I RECENTLY began attending meetings at an organisation that shall remain unnamed where, as expected during such official meetings, a sensible amount of tea and coffee is served and consumed.
That automatically necessitates trips to the ‘washrooms’ at one point or another, and on my first such trip I was distressed to find the door to relief firmly locked. I danced gingerly at the end of the corridor as I investigated the whereabouts of the key or the person in charge of granting access, until I was directed to toilets on the lower level of the building.
These were ordinary toilets, it turned out, as opposed to the locked ones protected for ‘Management’.
With time, I was given such clearance that whenever I stepped out of the room the person with the key (sitting in an ante-room with the door wide open in order to respond to such events in a timely fashion) sprung into action and provided access.
At our next meeting, the Toilet Key Controller had realised it made sense to simply leave the door unlocked for the duration of the meeting. At one point in the day, however, apparently because a couple of ordinary staff had gained access to the special ‘Management’ toilet, the Key Controller took to locking the door at intervals – coinciding with one or two of my trips.
Eventually, I got fed up of the anxiety I felt every time I made my way down that corridor. I long ago decided that toilet access was too low down in the order of priorities in my life to cause me such angst.
And luckily I got to the toilet to find the Key Controller had left the set of keys behind. Within seconds I had hidden them in a difficult place, and it was while I was doing so that I realised how ridiculous the situation was.
This special toilet was not remarkable at all. One of the two toilets didn’t even have a toilet seat, there was a layer of dust over everything, cobwebs here and there, and piles of broken plastic things that started out in life as buckets, brushes and other items I could not recognise.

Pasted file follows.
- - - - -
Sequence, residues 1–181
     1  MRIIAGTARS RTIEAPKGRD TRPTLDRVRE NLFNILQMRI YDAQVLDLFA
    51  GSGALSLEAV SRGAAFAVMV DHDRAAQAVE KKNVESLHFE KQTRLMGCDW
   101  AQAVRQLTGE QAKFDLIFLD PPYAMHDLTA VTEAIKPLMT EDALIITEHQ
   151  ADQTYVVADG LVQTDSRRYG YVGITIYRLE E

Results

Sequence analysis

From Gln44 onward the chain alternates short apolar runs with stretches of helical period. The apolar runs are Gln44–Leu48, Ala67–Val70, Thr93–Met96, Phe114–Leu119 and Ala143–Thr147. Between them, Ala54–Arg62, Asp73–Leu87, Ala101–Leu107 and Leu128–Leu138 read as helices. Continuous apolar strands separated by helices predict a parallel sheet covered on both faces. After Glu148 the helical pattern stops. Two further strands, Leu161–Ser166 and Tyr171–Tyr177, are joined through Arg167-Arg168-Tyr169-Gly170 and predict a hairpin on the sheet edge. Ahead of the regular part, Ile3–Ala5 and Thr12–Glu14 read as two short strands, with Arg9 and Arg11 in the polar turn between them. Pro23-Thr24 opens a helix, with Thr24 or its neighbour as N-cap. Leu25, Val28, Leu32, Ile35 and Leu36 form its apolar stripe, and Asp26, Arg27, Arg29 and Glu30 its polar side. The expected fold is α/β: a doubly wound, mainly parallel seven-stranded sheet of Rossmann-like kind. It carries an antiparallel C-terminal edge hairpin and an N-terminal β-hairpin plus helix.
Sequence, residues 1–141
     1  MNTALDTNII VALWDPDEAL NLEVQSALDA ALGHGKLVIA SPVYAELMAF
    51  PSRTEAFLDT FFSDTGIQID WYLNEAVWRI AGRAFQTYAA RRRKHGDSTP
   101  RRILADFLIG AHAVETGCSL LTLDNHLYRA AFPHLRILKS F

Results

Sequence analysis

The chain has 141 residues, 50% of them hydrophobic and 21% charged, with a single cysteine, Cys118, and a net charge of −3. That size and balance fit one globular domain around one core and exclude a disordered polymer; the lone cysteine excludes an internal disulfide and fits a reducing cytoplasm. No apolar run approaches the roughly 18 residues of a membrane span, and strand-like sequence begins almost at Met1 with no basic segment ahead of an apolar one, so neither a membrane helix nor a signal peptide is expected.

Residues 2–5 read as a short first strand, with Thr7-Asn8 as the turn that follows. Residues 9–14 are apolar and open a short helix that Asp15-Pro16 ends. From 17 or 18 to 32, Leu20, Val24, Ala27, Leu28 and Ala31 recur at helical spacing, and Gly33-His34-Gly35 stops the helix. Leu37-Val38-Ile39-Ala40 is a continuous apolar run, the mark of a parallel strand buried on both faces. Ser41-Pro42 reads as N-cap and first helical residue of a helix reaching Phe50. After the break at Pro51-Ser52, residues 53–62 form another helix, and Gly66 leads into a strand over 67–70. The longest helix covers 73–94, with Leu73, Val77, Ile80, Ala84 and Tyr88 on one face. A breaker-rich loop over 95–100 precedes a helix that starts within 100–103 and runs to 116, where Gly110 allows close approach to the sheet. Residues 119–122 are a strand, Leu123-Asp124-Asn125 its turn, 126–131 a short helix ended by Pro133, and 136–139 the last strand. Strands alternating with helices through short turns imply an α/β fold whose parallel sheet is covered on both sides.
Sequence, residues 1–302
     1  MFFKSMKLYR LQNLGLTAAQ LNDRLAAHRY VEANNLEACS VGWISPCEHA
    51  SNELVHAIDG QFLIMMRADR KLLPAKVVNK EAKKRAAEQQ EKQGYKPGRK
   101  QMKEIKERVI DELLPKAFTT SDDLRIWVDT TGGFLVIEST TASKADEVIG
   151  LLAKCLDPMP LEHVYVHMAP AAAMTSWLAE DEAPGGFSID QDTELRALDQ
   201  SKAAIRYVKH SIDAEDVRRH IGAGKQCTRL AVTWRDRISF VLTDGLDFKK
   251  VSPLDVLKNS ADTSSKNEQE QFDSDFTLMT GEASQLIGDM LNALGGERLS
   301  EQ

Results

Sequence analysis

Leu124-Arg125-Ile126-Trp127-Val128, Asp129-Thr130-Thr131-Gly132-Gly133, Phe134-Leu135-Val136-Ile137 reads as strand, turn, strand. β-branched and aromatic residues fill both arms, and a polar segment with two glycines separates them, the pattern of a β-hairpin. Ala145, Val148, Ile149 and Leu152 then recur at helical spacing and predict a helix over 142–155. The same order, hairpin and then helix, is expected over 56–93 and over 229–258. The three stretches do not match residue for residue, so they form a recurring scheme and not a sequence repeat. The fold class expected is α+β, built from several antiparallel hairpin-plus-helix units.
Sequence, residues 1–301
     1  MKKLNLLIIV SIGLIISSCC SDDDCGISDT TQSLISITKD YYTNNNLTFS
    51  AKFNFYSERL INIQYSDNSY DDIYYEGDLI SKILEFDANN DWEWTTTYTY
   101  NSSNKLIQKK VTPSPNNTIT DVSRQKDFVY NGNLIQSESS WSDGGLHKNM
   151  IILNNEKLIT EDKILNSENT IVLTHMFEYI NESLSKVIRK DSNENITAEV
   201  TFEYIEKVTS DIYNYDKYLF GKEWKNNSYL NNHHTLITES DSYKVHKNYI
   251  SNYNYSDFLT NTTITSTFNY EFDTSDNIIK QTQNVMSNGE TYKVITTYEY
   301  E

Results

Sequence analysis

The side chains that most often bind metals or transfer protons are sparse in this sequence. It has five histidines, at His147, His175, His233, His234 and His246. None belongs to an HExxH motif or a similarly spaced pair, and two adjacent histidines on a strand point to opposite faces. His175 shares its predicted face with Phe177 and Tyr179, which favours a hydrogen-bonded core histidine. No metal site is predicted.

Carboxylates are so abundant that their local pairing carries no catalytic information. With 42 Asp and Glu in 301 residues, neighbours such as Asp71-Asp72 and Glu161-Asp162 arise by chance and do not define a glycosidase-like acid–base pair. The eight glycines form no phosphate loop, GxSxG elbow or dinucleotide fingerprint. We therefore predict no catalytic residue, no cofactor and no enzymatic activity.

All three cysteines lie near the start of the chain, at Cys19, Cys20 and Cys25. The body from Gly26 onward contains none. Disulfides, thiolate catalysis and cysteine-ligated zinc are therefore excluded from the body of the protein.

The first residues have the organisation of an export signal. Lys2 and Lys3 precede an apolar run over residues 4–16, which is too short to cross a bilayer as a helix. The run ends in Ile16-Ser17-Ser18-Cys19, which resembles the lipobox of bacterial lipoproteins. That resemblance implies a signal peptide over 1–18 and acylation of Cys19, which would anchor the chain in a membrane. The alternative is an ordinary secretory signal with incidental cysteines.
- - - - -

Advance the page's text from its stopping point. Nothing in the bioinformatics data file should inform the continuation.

The water in the bowl was generally clean to the eye, as was the one running out of the taps. There were hard bits of things that seemed to be stones masquerading as soap. Or maybe they were just stones that cynical toilet cleaners had placed there as a prank.
I laughed a little at the thought that oppressed staff were generally playing an elaborate prank on ‘Management’ by not cleaning the windows, gathering bits of rubbish into the corner, and then locking the toilets to mock them. They just hadn’t labelled the toilet door: ‘VIP’.
Any office in which such an arrangement exists is unquestionably poorly managed, by people with a low-self esteem who seek to mimic their counterparts in companies where the senior staff have en suite toilet cubicles. It is a sad environment in which that low self-esteem in ‘Management’ trickles down.
For instance, what was the motivation of the Toilet Key Controller? What do they tell their spouse in the evenings when asked “How was your day?”
“Man, today someone hid the toilet key! I looked for it everywhere but I couldn’t find it anywhere…”
I couldn’t imagine their career aspirations; was there someone below them in charge of the toilets for general staff?
Locking a toilet is one thing; deploying an entire human being to manage its being locked is another; doing both yet the toilet is dirty and has neither seats nor hand washing soap points to a serious lack of priorities on the part of the toilet owner.
I must confess to having left many toilet doors unlocked after being given a key, because I am an anarchist that way. Some people believe that everybody should have access to drinking water, as water is life; if that is the case, then they should have access to facilities naturally at the other end of that equation.
A pal of mine, Rukaka Mugizi, took up a toilet habit that some people found irritating but I quite liked. While he was resident in Kampala after spending a few years ago studying medicine in Cuba, he began photographing toilets in various places round the city.
It started with the toilets of a popular local that a number of us frequented, in Bukoto. Rukaka could not understand how yuppies and middle class people could spend time and money drinking beer and eating chicken at a place with toilets this bad.
One night he took photographs of the loos, and then emailed them round the next day in the belief that in broad daylight his mates would appreciate better the ironical error of their night-time ways.
It didn’t work. It couldn’t – many at that time worked in places where ‘Management’ kept dirty, semi-functional toilets securely under lock and key, and I cannot say what domestic toilets looked like. So, for a while, everywhere he went he took photos of toilets and emailed them to the group.
Sadly, he eventually stopped; but the group didn’t stop drinking and eating chicken at the dirty-toilet, water-less kafunda because of this. Neither did they tell their ‘Managers’ to focus on more important issues in the office than access to the toilet.